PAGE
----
I’m plotting out my current story. It’s an unholy mess. The paper outline, that is. The story makes more sense.
I’m just finishing up the James Patterson Masterclass. And no, I wouldn’t recommend it. I was swayed by a review that said it was worth it for the section on outlining alone. The section on outlining comprises the following:
Outlining: Do it.
This is self-preservation, really. Last year Char nearly killed me. I have 100,000 words of excisions stored in a file. I wrote the damn thing three times with three different endings and it’s still not right. There’s a reason it’s only available as a freebie read on the Goodreads M/M Romance Group’s website and not on Amazon or Smashwords.
This is the first time I’ve outlined a story in such detail. I get so excited about a story that I want to start. I have characters in my head nudging me with their bony elbows and giving me their lines of dialogue, and I need to put it down on paper before the recollection fades. I always know how a story will end. That’s the first thing I learn about a story. And I know how it starts. I know the plot. But I don’t always *coughevercough* have the fine detail nailed down. Like all the scenes. Or how they will link together. Or exactly how I get from the beginning to the climax. And I screwed up so bad with Char, I nearly quit writing. I still feel such despair about fucking up. I’m going to return to that eventually and fix it. I can’t live with myself if I don’t.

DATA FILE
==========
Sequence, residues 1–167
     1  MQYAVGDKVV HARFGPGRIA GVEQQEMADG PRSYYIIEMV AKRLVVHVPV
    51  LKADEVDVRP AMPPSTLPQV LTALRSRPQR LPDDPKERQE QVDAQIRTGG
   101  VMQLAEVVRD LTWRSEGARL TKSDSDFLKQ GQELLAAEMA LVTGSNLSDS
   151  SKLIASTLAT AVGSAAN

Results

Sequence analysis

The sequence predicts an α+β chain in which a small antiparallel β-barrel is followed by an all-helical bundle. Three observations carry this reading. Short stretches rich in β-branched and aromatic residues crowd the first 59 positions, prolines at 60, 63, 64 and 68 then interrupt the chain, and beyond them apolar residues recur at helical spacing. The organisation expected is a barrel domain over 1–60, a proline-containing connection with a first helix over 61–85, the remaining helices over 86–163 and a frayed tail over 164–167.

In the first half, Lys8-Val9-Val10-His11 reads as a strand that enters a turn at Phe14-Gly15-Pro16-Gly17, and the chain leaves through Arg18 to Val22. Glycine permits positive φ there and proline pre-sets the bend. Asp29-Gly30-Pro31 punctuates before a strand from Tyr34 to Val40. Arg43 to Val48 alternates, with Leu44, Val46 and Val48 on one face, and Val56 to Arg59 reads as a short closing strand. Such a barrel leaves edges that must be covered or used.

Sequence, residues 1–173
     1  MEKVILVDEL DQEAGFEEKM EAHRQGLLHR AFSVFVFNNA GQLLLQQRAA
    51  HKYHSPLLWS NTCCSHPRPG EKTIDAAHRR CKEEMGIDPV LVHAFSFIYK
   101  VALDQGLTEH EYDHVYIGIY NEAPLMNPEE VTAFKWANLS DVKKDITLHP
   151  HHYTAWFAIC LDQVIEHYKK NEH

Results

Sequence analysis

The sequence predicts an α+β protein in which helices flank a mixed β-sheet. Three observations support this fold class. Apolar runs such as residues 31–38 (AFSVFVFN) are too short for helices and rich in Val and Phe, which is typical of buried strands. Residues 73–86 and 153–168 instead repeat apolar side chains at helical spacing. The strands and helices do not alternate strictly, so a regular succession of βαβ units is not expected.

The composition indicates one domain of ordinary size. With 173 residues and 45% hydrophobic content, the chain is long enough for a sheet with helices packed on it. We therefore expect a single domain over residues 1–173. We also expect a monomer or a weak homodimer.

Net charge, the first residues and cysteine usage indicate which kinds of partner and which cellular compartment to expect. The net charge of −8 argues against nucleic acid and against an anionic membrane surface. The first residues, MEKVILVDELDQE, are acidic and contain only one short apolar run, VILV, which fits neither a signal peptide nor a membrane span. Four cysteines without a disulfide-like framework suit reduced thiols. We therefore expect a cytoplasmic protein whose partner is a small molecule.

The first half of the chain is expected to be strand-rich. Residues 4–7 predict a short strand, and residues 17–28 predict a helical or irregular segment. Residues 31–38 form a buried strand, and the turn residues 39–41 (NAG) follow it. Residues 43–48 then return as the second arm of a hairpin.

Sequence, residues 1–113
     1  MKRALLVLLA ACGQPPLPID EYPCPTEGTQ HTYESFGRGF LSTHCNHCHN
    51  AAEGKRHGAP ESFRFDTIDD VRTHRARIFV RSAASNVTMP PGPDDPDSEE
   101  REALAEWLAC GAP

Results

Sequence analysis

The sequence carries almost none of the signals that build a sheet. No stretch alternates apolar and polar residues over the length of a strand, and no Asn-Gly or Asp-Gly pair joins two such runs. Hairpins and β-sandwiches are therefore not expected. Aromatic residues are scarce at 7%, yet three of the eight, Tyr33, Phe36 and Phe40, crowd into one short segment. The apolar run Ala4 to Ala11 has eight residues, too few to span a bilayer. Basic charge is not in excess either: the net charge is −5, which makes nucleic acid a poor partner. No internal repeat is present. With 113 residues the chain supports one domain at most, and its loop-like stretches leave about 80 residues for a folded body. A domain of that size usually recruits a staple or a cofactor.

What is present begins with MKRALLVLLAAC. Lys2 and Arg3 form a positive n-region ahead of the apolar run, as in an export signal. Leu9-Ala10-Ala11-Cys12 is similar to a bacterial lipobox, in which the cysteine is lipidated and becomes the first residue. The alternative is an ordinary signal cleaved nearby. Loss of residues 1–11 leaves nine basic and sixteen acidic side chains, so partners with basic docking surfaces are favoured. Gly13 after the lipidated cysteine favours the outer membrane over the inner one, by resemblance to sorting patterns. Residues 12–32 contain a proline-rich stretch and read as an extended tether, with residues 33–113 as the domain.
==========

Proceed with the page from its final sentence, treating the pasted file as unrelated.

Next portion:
So this time I’m outlining every scene, pulling it all together, nailing down the tone, the emotion I want each scene to convey, trying to add more suspense, more excitement, more to hook the reader from one chapter to the next. It should be possible to read the outline through and have it flow like a complete – if abridged – story. It’s taking so much longer than I anticipated, but I’m assuming this will help me cut down considerably on composition? I hope?
And paper helps. I don’t know why. I have a bunch of digital tools I can use too; Scapple – which I adore – Scrivener of course, even just a herd of Ant Notes clustered on my desktop helps sometimes. But there’s something about being able to see the whole thing laid out in front of me that achieves more than looking through a window onto a small section of a neatly arranged digital storyboard.
So far it’s working for me, although there’s no way of knowing for sure until I finish the story. Eventually, I guess, you guys will tell me if it worked. Wish me luck.